South Sudan

Residents of Juba arrive at the UN compound on December 20, 2013 where they sought shelter
Civilians fleeing the fighting in South Sudan have taken refuge at U.N. peacekeeping bases, including the one in the capital, Juba.
AFP/TONY KARUMBA

Latest South Sudan Fact Sheet

Key Developments

Non-governmental organizations continue to report bureaucratic impediments, such as extra fees related to staff work permits and communications equipment, which restrict access to populations in need across South Sudan. Despite significant humanitarian access constraints, relief agencies—including USAID partners—continue to provide life-saving emergency assistance to populations in need throughout the country.

In March, USAID's Office of U.S. Foreign Disaster Assistance partner the International Organization for Migration deployed two health rapid response teams to conduct vaccination campaigns against cholera and measles, reaching more than 144,000 people. In addition, the UN World Food Program —with USAID's Office of Food for Peace support—has delivered emergency food assistance to approximately 2.4 million unique beneficiaries in South Sudan since the beginning of 2018.


HUMANITARIAN FUNDING FOR THE SOUTH SUDAN RESPONSE

USAID/OFDA

$151,889,007

USAID/FFP

$630,347,820

State/PRM

$105,557,734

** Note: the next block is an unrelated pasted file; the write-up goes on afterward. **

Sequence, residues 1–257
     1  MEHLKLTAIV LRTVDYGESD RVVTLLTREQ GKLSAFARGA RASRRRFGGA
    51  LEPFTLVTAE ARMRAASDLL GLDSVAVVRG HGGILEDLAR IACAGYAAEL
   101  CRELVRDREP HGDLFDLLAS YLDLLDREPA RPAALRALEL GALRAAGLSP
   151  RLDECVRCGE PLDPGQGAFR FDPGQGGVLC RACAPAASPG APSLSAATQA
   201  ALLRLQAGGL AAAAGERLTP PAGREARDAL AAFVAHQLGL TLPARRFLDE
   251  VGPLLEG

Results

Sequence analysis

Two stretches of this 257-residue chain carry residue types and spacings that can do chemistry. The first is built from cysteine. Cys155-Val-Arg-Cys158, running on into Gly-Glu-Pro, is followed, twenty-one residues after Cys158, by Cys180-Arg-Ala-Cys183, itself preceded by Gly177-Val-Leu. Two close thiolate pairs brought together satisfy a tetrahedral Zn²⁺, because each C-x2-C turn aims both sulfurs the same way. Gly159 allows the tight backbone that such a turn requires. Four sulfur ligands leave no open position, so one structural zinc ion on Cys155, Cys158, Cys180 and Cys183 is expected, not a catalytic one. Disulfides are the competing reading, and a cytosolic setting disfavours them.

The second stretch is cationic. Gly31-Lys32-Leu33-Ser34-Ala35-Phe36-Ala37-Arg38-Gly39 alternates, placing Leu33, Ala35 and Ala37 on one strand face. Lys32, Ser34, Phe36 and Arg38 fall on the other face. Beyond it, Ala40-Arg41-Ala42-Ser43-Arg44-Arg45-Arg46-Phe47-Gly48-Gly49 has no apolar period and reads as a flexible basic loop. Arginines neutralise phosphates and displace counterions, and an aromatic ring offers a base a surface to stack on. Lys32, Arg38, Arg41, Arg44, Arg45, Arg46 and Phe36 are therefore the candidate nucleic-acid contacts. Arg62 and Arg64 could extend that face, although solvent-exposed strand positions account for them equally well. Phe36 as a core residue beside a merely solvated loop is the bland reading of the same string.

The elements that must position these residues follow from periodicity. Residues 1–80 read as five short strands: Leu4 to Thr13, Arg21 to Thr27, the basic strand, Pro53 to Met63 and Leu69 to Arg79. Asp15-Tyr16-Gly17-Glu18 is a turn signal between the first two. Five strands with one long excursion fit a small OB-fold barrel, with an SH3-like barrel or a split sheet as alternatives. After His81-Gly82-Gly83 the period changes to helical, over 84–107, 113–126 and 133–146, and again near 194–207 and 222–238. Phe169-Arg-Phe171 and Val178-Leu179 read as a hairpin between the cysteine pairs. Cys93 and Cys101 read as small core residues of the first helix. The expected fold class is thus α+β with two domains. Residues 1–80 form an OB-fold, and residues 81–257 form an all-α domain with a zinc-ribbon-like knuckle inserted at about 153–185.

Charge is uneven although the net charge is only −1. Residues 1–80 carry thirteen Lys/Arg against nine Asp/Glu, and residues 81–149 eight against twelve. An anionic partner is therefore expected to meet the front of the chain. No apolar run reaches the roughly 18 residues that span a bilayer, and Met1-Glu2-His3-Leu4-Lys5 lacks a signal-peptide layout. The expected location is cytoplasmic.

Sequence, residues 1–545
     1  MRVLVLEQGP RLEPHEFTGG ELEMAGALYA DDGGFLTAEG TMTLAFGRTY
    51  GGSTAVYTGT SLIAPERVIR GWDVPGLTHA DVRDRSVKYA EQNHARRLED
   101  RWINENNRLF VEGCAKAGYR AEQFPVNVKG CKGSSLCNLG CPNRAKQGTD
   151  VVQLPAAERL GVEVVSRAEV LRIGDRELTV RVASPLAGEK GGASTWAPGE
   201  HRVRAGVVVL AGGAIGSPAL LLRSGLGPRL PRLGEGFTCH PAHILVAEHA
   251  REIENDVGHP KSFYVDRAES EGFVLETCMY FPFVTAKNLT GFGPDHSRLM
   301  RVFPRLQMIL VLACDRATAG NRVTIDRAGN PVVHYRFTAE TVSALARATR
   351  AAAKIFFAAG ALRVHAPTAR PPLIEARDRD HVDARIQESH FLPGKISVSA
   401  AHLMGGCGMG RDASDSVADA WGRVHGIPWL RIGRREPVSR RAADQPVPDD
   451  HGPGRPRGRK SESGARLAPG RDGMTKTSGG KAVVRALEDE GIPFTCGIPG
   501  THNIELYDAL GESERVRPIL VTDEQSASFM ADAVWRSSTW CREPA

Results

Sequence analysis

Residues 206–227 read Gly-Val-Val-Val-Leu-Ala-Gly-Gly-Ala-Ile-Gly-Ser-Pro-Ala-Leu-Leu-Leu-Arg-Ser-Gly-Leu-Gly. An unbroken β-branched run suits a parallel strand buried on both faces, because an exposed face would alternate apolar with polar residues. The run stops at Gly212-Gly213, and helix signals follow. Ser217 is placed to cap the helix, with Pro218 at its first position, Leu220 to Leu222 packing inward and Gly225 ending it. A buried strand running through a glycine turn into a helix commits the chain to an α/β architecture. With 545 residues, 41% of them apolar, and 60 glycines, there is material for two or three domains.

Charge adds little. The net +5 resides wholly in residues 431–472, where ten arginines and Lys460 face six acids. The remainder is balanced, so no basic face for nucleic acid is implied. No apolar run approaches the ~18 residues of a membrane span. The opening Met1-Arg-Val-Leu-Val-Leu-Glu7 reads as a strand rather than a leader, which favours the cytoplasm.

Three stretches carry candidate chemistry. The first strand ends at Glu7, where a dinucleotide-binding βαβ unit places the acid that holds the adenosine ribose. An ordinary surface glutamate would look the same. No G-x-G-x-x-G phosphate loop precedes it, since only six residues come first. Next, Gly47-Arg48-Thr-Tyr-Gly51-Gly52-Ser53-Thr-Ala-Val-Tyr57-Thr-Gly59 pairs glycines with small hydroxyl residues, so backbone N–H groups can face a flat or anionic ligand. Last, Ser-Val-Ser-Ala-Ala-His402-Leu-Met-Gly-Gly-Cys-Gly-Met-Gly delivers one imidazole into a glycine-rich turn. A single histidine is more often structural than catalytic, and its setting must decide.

Total USAID and State Assistance to South Sudan to date in FY 2017 - 2018

$887,794,561

Total USAID and State Assistance to South Sudan in FY 2014 -2018 (includes funding for South Sudanese refugees in neighboring countries)

$3,099,391,275

*These figures are current as of April 13, 2018

Background

Since gaining independence from Sudan on July 9, 2011, South Sudan has confronted a number of humanitarian challenges, including population movements and returnee integration. Ongoing conflict in Sudan’s Two Areas of Blue Nile and Southern Kordofan continues to result in refugee flows into South Sudan, straining scarce resources. In addition, many of the people displaced by violence in 2011 from areas north of the River Kiir in the disputed Abyei Area continue to reside in South Sudan. In the two and a half years since people of South Sudanese origin began returning from Sudan on a large scale directly before and after independence, vulnerable communities in South Sudan have struggled to accommodate more than 700,000 new arrivals, many of whom are rebuilding lives and livelihoods with few resources from which to draw. Inter-communal violence and general insecurity also persist in several parts of the country, particularly in Jonglei State, where fighting has led to significant displacement and deteriorating humanitarian conditions.

Lingering effects from more than 20 years of north-south conflict, poverty, and continued tension with Sudan, which led to a cessation of oil exports in 2012 that damaged South Sudan’s economy, compound the humanitarian situation. Confronting deteriorating economic conditions, populations are less able to cope with shocks and increasingly rely on the humanitarian community for basic food and non-food assistance. However, insecurity, bureaucratic harassment of relief organizations, logistical challenges, and Government of the Republic of South Sudan-imposed restrictions constrain humanitarian activities across the country, hindering the delivery of critical assistance to populations in need.

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Last updated: April 23, 2018

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